I would like to look at other less familiar yet equally lovely examples; many from the Metropolitan Museum of Art, familiar friends.

The following by Baroccio really delights me, the coloring is exquisite of course; but the interplay between St. John, the finch, and the young cat is beautifully captured.

The Holy Family

Federigo Baroccio

National Gallery

London

There is a really delightful description of this ethereal painting at this link.

Madonna and Child with Saints Francis and Jerome

1500

Francesco Francia

active 1482-d. 1517/18

Metropolitan Museum of Art

Madonna and Child with Two Angels

Vittore Crivelli

active 1465-d.1501/02

Metropolitan Museum of Art

Madonna and Child

1506-1510

Boccaccio Boccaccino

1466-1524/25

Metropolitan Museum of Art

A particular favorite follows, I always made a point of visiting this painting. Perhaps it was the odd selection of produce overhead .

The coloring drives me mad. I love how the Child is squeezing the poor little bird just a little too tight, soon he we will be scolded.

Madonna and Child

1480

Carlo Crivelli

active 1457-1493

Metropolitan Museum of Art

I happen to have a client, quite devout, who from time to time I have the opportunity to paint for. On my last trip I painted a small mural incorporating Catholic symbolism. I happened to squeeze in a goldfinch of the bright yellow New Jersey variety as the mistress of the house hales from the same state as the author.

Let’s close with Bach’s Magnificat in honor of the Blessed Mother.

The Amsterdam Baroque Orchestra and soloists directed by Ton Koopman.

Pax Vobiscum

Wishing all a blessed Christmas,

Babylon Baroque


Feast Day of Our Lady of Guadalupe

Posted in Alphonse Mucha, Blessed Virgin Mary, Chris Ofili, Me, Otto Mueller, Our Lady of Guadalupe on December 12, 2010 by babylonbaroque

Although it is difficult to forget Her feast day in this City of Angels, I did.

Driving around the streets of Boyle Heights , exploring with the Beloved, I stumbled upon many charming vignettes dedicated  to Marian devotion.

Somewhere in Boyle Heights

I particularly love the images of household necessities flanking the deity.

The tale of Juan diego’s encounter on December 9th 1531 is well known.In 1754 Benedict XIV declared the Guadalupe as Patroness of New Spain.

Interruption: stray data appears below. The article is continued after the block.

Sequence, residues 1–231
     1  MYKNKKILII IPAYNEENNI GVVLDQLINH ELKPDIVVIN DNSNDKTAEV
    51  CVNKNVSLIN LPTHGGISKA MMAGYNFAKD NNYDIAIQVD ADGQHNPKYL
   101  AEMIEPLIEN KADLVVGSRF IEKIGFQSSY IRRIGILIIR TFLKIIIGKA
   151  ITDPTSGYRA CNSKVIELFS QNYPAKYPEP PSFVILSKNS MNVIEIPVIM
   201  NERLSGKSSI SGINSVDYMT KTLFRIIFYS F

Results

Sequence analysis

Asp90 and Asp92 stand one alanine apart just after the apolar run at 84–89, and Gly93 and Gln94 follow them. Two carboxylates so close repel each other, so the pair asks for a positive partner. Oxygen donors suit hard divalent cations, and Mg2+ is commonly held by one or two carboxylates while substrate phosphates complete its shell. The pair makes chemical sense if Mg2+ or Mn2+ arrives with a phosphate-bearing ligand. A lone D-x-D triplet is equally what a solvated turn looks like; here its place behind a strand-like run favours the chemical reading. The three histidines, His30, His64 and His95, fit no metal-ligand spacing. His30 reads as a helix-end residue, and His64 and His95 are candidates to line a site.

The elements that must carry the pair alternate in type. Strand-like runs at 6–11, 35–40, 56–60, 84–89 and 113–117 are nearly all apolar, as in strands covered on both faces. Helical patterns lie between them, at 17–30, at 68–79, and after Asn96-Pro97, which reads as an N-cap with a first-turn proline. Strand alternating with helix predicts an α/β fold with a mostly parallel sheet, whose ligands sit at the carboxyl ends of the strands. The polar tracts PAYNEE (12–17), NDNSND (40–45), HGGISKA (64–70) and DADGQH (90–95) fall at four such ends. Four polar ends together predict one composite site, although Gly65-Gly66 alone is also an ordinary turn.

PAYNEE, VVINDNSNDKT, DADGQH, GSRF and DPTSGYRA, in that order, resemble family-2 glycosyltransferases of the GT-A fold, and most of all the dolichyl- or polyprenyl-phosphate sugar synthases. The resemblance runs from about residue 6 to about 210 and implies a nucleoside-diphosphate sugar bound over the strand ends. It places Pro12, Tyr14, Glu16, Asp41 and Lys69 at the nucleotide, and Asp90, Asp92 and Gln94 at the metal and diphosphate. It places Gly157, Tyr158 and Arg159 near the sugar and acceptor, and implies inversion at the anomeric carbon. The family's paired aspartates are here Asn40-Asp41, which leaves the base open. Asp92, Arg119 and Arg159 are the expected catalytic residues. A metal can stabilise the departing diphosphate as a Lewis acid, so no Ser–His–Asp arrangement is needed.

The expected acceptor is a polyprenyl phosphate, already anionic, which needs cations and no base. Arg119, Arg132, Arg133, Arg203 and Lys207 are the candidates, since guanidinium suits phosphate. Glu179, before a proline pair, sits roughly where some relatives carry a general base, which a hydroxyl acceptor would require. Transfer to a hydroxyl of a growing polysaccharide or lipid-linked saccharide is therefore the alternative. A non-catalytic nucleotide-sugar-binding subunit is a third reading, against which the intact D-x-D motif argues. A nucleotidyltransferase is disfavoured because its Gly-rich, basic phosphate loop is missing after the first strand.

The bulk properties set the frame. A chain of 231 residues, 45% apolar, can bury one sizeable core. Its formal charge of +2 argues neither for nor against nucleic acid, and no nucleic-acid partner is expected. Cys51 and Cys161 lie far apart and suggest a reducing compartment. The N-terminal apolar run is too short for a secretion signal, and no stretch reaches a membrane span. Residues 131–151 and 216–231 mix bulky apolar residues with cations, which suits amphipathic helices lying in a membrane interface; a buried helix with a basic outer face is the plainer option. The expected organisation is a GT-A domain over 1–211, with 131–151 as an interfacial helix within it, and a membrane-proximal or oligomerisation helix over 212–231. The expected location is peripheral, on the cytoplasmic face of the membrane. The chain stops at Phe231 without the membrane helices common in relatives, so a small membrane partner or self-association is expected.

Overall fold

This official recognition of this unusual apparition would henceforth inspire fierce devotion and nationalistic pride.

If the Spaniards thought that switching the goddess Tonantzin with a brown skinned Madonna would secure indigenous loyalty to the Mother Church; they probably hadn’t counted on Miguel Hidalgo’s rallying his countrymen to revolution with his 1810 Cry of Independence, “Death to the Spaniards and long live the Virgin of Guadalupe”.

Standard of Miguel Hidalgo

1810

source

It is difficult to not feel that Virgin of Guadalupe has been used as a political tool for multiple agendas.

She isn’t the first incarnation of maternity to have aroused controversy, Chris Ofili’s The Holy Virgin Mary (1996) comes to mind. This painting caused a bit of a row in 1999 when it was part of the Brooklyn Museum’ s Sensation exhibition. Although the painting in my opinion is inoffensive, the controversy arose when area Catholics objected to Ofili’s use of elephant dung as one of the materials used to create the image. Ofili had used elephant dung in previous works as an exploration of his Nigerian heritage. That was not how the area Catholics saw it; the Holy Mother was being defamed.

The Holy Virgin Mary

1996

Chris Ofili

b. October 10th 1968

Manchester, England

source

more info

Alphonse Mucha expressed his outrage at the cultural excesses of the Austro Hungarian empires desire to annihilate Czech culture. His 1912 poster the Lottery of National Unity was an elegant campaign for funds needed  to support the private schools devoted to preserving the Czech language in the face of Teutonic repression.

Lottery of National Unity

1912

Alphonse Mucha

source

Although I have little to substantiate the claim  I personally  believe the German Expressionist painting by Otto Mueller (1874-1930)  The Polish Family expresses similar outrage at injustice.

The Polish Family

Otto Mueller

source

The unconventional interpretations of the Virgin inspired me to create  my own, drawing upon my brief tutelage under the Russian iconographer Vladislav Andreyev I attempted to create a visual Act of Contrition for Western Excess. Upon a base of reclaimed plywood, I assembled a day’s worth of my recycled trash. It is telling that although the plywood was 4 feet by 3, I was unable to make use of it all. The following is the modest result of my efforts, I am afraid it was perhaps best left as a theory. I appreciate your indulgence.

Our Lady of Perpetual Refuse

by the author

2010

Please enjoy this feast day as it draws to a near, if you are as fortunate as I am to be able to stumble upon impromptu shrines, enjoy them for their charm and heartfelt sentiment.

Take care, and have a marvelous week.

Respectfully submitted,

Babylon Baroque



Mucha Madness

Posted in 19th cent., Alphonse Mucha, Blessed Virgin Mary, Me, Mucha, Orientalist, Sarah Bernhardt on October 1, 2010 by babylonbaroque

It is difficult to not explore Mucha when discussing divine Sarah. The man was essential to her image of HighGlamour.

He has greatly influenced my taste from very early on.